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Wall murals from Molela


In Craft, Spaces Posted

After the overwhelming response on my wall project, I had to write about the craftsman who made those wonderful plaques.

Local myth claims that a blind ancestor was granted vision by the local deity ‘Dharmaraja’. The blind man sculpted the god’s shadow on a two dimensional plaque. Thus evolved this practice of making plaques, instead of three dimensional figures.

Molela Artisan's own wall

Artisan’s own wall

Molela is a quaint village, the one that you will normally miss on your way to Nathdwara. The only signboard is usually hidden under layers of movie posters. Once you get there, the rows of houses with their terracotta wares is the first sight to greet you. I wanted to visit each one of them. I started with the first one, spent around four hours and reluctantly left the place without any time for the rest.

Lady working on the design of terracotta plaques from Molela

Lady working on the design

I visited master craftsman Jamnalal Kumbhar’s home. I entered a workshop where his entire family was involved in making these plaques. Here is the picture of his wife putting in the final finishes on the plaque.

Storing terracotta plaques in the workshop

Storing terracotta plaques

The entire household revolves around his work. Stacks of these plaques are found everywhere. While I was there, Jamnalal was working on an order for a thousand plaques for a home in Delhi!

The clay is collected from the local river bed, dried and beaten to a fine powder. This is then mixed with donkey dung (binding agent)! and water. The mixture is used to make the plaques. For the details, balls and strings of this mixture are used. The basic idea is in the craftsman’s mind, which is further improvised on the go.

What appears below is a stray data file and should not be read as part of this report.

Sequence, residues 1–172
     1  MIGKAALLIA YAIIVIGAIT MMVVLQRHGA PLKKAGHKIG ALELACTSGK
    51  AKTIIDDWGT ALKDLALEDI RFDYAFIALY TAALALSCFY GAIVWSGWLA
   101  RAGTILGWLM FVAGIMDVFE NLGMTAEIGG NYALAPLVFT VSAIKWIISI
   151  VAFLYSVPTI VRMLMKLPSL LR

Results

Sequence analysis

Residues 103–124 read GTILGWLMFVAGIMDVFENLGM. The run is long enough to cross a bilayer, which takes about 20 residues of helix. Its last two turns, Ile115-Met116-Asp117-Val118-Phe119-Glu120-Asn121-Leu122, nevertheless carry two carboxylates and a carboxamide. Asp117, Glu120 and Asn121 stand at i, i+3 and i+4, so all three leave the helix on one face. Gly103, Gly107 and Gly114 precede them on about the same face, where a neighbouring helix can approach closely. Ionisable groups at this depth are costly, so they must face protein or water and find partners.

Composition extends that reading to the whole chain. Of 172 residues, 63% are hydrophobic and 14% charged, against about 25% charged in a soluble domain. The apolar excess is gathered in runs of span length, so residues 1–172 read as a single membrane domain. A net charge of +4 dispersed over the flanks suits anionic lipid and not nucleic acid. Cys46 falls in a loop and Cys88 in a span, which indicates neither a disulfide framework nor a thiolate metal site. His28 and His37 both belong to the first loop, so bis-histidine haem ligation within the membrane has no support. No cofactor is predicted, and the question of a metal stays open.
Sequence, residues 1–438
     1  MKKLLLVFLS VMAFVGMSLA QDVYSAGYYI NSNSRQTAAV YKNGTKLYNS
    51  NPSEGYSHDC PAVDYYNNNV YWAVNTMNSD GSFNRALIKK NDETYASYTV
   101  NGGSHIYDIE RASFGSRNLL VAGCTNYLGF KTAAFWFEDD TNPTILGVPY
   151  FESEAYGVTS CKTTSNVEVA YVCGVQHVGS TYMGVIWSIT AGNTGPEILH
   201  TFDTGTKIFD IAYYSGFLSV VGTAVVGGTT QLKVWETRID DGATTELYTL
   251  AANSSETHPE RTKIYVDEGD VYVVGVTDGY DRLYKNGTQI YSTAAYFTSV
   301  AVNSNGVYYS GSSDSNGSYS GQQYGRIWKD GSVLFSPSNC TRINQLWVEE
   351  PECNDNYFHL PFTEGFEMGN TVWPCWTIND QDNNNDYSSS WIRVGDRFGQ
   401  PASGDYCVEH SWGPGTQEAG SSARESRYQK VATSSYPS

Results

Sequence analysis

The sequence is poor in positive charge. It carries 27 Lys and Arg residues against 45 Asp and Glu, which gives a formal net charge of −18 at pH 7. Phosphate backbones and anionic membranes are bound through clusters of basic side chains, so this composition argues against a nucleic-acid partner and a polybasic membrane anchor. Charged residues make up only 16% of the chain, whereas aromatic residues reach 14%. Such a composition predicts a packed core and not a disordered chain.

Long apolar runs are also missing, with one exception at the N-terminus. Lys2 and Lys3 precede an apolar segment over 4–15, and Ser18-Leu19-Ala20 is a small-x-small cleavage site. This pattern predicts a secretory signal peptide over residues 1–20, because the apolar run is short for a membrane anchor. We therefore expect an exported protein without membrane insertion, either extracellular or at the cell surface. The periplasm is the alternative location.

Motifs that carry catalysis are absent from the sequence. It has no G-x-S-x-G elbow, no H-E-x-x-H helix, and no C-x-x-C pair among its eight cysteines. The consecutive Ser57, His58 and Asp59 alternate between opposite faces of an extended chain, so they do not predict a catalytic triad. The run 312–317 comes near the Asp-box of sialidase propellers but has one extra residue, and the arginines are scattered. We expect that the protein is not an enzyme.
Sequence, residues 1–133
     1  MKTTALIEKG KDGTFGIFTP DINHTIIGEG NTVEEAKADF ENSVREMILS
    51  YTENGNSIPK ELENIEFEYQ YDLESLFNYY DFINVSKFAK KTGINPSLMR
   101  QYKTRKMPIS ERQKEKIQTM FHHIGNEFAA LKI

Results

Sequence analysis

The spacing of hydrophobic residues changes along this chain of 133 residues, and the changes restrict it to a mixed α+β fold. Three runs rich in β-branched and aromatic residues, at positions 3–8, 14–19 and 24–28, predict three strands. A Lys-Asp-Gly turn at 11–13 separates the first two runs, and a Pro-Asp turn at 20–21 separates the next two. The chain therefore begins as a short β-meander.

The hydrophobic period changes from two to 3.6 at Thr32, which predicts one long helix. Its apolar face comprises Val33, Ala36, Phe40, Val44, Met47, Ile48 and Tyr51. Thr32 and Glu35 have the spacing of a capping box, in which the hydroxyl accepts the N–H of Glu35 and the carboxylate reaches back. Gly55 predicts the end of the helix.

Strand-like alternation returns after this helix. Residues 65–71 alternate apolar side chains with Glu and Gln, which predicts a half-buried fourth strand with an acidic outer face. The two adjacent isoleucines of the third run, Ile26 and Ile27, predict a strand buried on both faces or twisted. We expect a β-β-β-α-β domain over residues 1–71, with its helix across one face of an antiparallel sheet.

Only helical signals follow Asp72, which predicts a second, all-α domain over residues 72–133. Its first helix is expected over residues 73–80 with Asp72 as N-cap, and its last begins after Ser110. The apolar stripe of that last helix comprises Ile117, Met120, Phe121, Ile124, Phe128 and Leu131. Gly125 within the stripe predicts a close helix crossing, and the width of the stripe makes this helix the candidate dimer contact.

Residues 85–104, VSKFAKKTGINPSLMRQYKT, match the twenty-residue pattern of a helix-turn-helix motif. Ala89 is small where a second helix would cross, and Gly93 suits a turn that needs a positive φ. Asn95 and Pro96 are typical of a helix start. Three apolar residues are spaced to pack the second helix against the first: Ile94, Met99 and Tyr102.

Colourful plaques for sale to tribals

Colourful plaques for sale to tribals

The local deity is ‘Dharmaraja’ and during the months of March-April,  tribal communities from as far as Madhya Pradesh come to Molela to buy these brightly coloured plaques. These are then carrried on their heads back home as a ritual. The winter sun is just right for making these plaques that are sold during the summer. The summer sun is quite harsh and can lead to cracking.


Five sisters Molela terracotta

Five sisters from Molela terracotta

A plaque with ‘five sisters’ is used as a symbol of welcome in homes. These sisters are believed to welcome the good and ward off evil.

Village scenes made by Molela artisans

Village scenes

A series of scenes from village life are made using these plaques. When the demand for Dharmaraja idols dwindled, these smart craftsmen started introducing new designs.

Award winning Molela mural

Award winning Molela mural

This mural has all the major designs used in this craft. Jamnalal made this thirty years ago. Though replicas of this piece can be commissioned, this one is definitely not for sale! 🙂

Please click here for more pictures.


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